Rep. Dennis Feickert (D-1/Aberdeen) brings House Bill 1216, which would repeal the cap on property tax increases for counties, townships, and other taxing districts. Under SDCL 10-13-35, local governments may not boost property tax revenues by the lesser of 3% or the consumer price index without going through the opt-out process. This cap was, as the Department of Revenue's Mike Houdyshell referred to it yesterday, the "heart" of Governor Bill Janklow's property tax reform in 1995. HB 1216 disposes of this cap and answers counties' cries for more revenue by restoring their authority to tax property at whatever rate they see fit.
Note that HB 1216 does not affect school district levies, which are set by the Cutler-Gabriel formula in legislation outside the code repealed by HB 1216.
Fifteen of the sponsors of HB 1216 are Democrats; twelve are Republicans. One would think that, since HB 1216 (1) comes first from Democrats and (2) opens the door to higher taxes, it would be dead already. But yesterday, the House Taxation Committee approved it 10–4.
Listen to Tuesday's hearing (start at 36:12 in the SDPB audio), and you'll hear two signals that the seven Republicans (Reps. Beal, May, Rasmussen, Rozum, Russell, Solkum, and Willadsen) who joined the committee's three Democrats (Bartling, Killer, and Kirschman) in supporting this potential tax increase aren't passionately seeking passage of this bill.
First, no one offered amendments. No one tried to tinker with the formula. If Republicans thought this bill might pass, we might have seen a divergence of opinion on details.
Second, yesterday's vote seems to be about having a discussion rather than implementing this solution. Rep. Lance Russell (R-30/Hot Springs) said he walked into the hearing prepared to vote against HB 1216, and he still feels this bill is "not necessarily the answer," but the problem of counties struggling to find the funds to meet increased state mandates deserves discussion on the House floor. Taxation chairman Rep. Roger Solum (R-5/Watertown) said he too would like to see the bill on the floor. These Republicans thus seem willing to use the Democrats' provocative proposal (and yes, undoing Bill Janklow's property tax reform is a big deal) to spark a discussion of the financial strains on local governments that legislators are increasingly acknowledging.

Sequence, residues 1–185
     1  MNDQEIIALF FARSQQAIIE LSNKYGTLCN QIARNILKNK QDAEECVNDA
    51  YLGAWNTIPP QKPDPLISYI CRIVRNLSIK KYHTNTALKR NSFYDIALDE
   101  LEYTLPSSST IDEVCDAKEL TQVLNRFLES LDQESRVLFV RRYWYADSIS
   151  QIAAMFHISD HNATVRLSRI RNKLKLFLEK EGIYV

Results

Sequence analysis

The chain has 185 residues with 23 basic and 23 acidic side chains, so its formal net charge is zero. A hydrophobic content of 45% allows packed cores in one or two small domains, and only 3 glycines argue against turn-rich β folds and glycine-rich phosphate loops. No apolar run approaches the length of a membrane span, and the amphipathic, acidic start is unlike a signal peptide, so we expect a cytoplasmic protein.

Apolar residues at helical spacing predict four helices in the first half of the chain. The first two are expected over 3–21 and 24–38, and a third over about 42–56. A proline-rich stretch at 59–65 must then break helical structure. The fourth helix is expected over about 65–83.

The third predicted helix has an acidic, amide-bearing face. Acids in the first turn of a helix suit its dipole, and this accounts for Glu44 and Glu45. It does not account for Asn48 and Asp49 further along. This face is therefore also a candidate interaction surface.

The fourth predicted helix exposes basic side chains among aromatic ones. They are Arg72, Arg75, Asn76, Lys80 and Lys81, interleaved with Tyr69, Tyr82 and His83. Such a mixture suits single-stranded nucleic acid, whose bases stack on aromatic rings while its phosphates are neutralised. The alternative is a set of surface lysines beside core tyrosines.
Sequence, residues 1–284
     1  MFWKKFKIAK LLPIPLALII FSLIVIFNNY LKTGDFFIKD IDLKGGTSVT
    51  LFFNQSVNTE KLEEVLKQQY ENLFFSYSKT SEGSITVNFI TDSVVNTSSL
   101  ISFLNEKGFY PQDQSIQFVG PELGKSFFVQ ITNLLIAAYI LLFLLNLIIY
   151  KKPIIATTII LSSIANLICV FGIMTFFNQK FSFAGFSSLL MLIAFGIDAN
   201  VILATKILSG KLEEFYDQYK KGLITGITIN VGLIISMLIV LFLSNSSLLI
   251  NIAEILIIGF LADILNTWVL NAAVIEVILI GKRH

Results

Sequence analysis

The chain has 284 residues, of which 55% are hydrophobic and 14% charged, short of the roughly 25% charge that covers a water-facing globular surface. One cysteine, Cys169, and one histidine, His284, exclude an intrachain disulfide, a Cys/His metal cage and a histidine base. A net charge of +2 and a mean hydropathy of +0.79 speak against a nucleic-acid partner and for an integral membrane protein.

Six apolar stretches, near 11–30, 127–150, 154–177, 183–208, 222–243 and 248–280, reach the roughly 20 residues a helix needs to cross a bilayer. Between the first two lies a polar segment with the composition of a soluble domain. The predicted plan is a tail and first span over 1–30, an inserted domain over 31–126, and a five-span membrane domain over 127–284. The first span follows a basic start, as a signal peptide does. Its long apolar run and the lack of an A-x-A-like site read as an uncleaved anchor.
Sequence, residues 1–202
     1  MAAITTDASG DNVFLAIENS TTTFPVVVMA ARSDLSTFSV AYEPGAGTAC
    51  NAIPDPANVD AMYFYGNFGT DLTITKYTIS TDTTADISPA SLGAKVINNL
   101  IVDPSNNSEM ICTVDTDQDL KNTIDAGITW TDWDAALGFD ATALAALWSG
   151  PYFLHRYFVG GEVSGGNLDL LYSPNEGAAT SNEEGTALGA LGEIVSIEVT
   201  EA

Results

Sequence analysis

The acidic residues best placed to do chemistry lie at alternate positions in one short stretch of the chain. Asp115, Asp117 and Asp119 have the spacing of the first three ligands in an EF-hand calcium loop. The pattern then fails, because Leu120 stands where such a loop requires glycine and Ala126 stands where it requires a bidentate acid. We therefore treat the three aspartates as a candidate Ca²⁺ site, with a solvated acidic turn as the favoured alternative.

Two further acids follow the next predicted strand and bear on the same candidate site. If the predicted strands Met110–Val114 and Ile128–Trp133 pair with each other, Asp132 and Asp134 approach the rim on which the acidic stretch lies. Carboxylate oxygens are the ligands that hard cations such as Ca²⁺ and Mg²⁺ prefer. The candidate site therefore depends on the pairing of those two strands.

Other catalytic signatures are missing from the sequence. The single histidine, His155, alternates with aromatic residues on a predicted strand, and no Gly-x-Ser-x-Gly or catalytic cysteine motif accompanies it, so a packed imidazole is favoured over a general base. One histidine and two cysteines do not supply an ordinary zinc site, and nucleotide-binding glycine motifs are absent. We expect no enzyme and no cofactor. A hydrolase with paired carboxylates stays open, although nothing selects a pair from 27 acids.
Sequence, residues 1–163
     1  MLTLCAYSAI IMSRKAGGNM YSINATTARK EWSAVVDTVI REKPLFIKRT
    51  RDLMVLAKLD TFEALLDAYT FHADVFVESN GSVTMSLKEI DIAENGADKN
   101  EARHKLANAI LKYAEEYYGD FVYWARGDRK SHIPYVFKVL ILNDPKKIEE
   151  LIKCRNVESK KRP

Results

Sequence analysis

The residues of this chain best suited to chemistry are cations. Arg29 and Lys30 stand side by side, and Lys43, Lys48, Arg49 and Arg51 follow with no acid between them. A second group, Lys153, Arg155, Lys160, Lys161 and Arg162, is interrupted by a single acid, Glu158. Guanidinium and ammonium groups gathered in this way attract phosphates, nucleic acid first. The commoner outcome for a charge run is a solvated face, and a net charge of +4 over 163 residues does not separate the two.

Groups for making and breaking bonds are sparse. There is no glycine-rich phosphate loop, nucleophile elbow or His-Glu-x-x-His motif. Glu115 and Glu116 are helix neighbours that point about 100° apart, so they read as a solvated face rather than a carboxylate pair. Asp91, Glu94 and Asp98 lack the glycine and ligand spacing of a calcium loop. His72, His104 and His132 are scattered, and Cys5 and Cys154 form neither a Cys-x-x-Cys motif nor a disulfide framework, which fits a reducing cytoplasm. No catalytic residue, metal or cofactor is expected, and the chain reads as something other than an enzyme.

Rep. Mary Duvall (R-24/Pierre) voted against HB 1216 yesterday, but even she acknowledged that the Legislature needs to fix the "starvation diet" on which it has put counties. Rather than repealing the cap, Rep. Duvall agreed with a statement Rep. Feickert made, that the state needs to talk broader tax reform. She said she hopes the Governor's education task force can come up with a better funding formula that relies less on property tax for K-12 education and frees those dollars up to meet the burgeoning local road and law enforcement needs discussed in Tuesday's hearing.
Don't expect HB 1216 to survive House floor debate. But do expect some passionate speeches as more legislators awaken to the needs their local constituents are struggling to meet.